As part of Great Jobs Without a Four-Year Degree, I’ve reviewed a lot of reports in recent years that blur into each other about why and how we must do much better as a nation in one technical workforce area or some other.  This the case lest we seriously harm ourselves scientifically, technologically, and economically.  I intend no disrespect by acknowledging cloudiness, as the shortcomings cited each time are consequential and worrisome, and the scholars and officials addressing them distinguished.

I’m thinking of studies such as “The Skills Gaps in U.S. Manufacturing 2015 and Beyond,” by the Manufacturing Institute and Deloitte; “Rising Above the Gathering Storm,” by the National Academy of Sciences, the National Academy of Engineering, and the Institute of Medicine; and five years later, “Rising Above the Gathering Storm Revisited,” by the same three esteemed organizations.

Most recently released, in September, is “The Skilled Technical Workforce: Crafting America’s Science and Engineering Enterprise,” by the National Science Board.  As described by Diane L Souvaine, chair of the NSB, the report focuses on a “crucial but underappreciated part of the science and engineering enterprise: [T]he Skilled Technical Workforce (STW), the millions of men and women with STEM skills and knowledge who do not have a bachelor’s degree.”  And how, in fact, there may be 3.4 million unfilled technical jobs in the United States by 2022.

Such numbers and concerns align with those in various preceding reports.  But rather than delve again into such data, risking hazy eyes, here are two particularly interesting passages from “The Skilled Technical Workforce.”  The first is a quote from a retired NASA astronaut, Dr. Mae Jemison: “The Workforce that actually built the Space Shuttle were not four-year degree engineers, they were skilled technicians.  We need to make sure those jobs are represented.”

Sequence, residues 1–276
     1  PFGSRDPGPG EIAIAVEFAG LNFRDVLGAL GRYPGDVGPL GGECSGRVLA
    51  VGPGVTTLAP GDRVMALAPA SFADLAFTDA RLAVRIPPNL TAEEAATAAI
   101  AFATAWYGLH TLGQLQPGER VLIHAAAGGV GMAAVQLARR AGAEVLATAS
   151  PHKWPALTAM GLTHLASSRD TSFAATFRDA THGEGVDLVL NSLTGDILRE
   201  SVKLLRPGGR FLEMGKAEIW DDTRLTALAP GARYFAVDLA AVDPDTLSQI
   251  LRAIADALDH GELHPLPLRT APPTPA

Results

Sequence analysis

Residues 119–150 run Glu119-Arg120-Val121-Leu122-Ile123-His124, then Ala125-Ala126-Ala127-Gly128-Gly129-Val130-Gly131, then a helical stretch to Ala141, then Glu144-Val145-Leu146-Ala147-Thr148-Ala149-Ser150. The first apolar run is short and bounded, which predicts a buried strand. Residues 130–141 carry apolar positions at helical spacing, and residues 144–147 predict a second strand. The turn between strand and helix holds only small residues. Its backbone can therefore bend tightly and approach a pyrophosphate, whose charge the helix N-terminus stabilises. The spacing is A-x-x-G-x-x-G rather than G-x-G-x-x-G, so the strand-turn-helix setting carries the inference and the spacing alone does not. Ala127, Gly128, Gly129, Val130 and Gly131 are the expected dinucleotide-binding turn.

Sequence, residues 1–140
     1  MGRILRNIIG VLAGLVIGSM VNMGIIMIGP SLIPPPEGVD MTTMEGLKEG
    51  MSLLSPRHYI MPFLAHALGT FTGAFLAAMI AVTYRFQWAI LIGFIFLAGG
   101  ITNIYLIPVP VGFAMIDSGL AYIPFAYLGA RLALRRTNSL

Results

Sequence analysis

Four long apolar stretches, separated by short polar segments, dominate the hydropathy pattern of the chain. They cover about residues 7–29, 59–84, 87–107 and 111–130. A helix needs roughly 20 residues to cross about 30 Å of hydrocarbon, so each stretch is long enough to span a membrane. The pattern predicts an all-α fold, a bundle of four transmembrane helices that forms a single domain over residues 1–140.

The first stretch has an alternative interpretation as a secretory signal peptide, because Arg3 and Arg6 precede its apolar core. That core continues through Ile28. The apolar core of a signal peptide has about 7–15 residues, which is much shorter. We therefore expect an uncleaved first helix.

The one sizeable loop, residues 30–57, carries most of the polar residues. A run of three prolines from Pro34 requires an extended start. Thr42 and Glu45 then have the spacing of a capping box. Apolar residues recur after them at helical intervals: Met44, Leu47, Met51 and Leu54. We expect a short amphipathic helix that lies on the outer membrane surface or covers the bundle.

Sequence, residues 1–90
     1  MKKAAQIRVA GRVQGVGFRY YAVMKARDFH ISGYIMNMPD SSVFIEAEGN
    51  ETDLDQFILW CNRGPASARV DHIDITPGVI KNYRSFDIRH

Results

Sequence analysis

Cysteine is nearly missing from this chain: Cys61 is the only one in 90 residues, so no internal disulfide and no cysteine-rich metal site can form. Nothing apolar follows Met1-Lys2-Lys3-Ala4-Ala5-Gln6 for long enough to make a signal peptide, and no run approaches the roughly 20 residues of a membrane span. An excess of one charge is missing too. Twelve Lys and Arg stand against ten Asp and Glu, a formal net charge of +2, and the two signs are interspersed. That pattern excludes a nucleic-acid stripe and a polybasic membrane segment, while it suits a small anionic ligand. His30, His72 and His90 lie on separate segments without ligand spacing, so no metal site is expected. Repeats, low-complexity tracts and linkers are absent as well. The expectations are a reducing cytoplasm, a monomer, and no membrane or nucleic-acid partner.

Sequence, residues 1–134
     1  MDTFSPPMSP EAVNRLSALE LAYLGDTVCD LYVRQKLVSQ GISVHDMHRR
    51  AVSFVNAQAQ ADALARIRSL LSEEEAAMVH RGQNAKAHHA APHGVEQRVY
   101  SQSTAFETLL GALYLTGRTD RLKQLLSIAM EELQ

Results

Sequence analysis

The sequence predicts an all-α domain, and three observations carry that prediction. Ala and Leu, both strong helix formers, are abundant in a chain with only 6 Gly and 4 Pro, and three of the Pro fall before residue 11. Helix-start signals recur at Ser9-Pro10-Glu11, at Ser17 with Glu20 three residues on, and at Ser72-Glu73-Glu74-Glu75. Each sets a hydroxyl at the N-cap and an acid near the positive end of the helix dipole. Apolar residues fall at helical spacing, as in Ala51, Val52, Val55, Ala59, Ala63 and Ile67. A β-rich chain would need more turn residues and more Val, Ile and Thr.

The second excerpt is even further out of this world.

One of the greatest scientific achievements of the 21st century – the detection of gravitational waves at the Laser Interferometer Gravitational-Wave Observatory (LIGO) – would not have been possible without the skill and dedication of hundreds of scientists, engineers, and skilled technical workers.  The National Science Board appreciated this firsthand at LIGO’s Livingston, Louisiana site.

There, the Board met David Barker, who describes himself as a skilled technical worker.  David works side-by-side with a team of operators and scientists to monitor and maintain the temperature in the 19,000 square foot laser vacuum equipment area within 2/10ths of a degree.  A temperature change of one-degree Fahrenheit would cause the laser to lose lock, forcing a shutdown and halting data collection.  David playfully notes that he tells people that he is “a famous air conditioning man.”  Without experienced and dedicated skilled technical workers like David, fundamental scientific breakthroughs that require complex technologies and facilities would not be possible.

It has been said that for every person with a Ph.D. doing technical work in a corporation or other setting, seven technically trained people with A.A. degrees are required in support.  Or, as a former official at Minnesota State perfectly put it when I was writing Education Roads Less Traveled: Solving America’s Fixation on Four-Year Degrees:

Everything we touch [save for flora and fauna] is manufactured.  It was built.  It didn’t just become.   Someone builds these things.  The computers in your hands [cell phones] are among the most sophisticated things human have ever developed.  They’re the result of engineering, and obviously there’s a lot of four-year and postgraduate work in them.  A lot of Nobel Prize work in them.  But when you get right down to it, the people who make these systems work, who maintain them, and allow us to produce these goods are primarily at the technician level.

Almost 60 years ago, a sociologist named David Mechanic wrote about the “power of lower participants.”  Suffice it to say the highly skilled technicians the National Science Board says were need millions more of are anything but “lower.”

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